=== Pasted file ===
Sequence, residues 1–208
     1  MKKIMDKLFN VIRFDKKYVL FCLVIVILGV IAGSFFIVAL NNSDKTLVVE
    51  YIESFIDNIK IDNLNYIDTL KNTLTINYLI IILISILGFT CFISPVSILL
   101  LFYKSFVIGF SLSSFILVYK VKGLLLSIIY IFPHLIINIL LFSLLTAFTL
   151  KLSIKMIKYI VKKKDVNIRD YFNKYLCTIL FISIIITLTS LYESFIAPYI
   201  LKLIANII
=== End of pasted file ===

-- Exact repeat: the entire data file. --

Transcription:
Sequence, residues 1–208
     1  MKKIMDKLFN VIRFDKKYVL FCLVIVILGV IAGSFFIVAL NNSDKTLVVE
    51  YIESFIDNIK IDNLNYIDTL KNTLTINYLI IILISILGFT CFISPVSILL
   101  LFYKSFVIGF SLSSFILVYK VKGLLLSIIY IFPHLIINIL LFSLLTAFTL
   151  KLSIKMIKYI VKKKDVNIRD YFNKYLCTIL FISIIITLTS LYESFIAPYI
   201  LKLIANII